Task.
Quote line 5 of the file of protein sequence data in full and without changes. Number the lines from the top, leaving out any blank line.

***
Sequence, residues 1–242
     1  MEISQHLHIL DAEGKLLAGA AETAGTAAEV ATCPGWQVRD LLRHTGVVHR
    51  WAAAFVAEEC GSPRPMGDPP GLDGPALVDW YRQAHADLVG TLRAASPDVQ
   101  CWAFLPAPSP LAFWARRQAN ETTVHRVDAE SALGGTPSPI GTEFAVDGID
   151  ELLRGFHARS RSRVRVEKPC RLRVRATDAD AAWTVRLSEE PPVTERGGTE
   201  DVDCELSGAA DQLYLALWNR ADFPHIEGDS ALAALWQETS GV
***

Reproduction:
   151  ELLRGFHARS RSRVRVEKPC RLRVRATDAD AAWTVRLSEE PPVTERGGTE